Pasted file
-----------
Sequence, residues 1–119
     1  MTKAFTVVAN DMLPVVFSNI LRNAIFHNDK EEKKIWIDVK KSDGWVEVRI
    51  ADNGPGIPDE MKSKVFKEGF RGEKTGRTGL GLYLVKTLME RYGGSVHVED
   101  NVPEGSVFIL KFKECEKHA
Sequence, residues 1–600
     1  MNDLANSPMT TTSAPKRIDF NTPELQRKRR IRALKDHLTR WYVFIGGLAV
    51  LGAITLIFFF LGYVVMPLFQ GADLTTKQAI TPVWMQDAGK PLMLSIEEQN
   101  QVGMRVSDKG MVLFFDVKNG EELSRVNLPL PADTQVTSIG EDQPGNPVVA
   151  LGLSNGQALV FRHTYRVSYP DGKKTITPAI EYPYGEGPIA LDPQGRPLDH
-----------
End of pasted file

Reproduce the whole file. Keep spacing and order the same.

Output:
Sequence, residues 1–119
     1  MTKAFTVVAN DMLPVVFSNI LRNAIFHNDK EEKKIWIDVK KSDGWVEVRI
    51  ADNGPGIPDE MKSKVFKEGF RGEKTGRTGL GLYLVKTLME RYGGSVHVED
   101  NVPEGSVFIL KFKECEKHA
Sequence, residues 1–600
     1  MNDLANSPMT TTSAPKRIDF NTPELQRKRR IRALKDHLTR WYVFIGGLAV
    51  LGAITLIFFF LGYVVMPLFQ GADLTTKQAI TPVWMQDAGK PLMLSIEEQN
   101  QVGMRVSDKG MVLFFDVKNG EELSRVNLPL PADTQVTSIG EDQPGNPVVA
   151  LGLSNGQALV FRHTYRVSYP DGKKTITPAI EYPYGEGPIA LDPQGRPLDH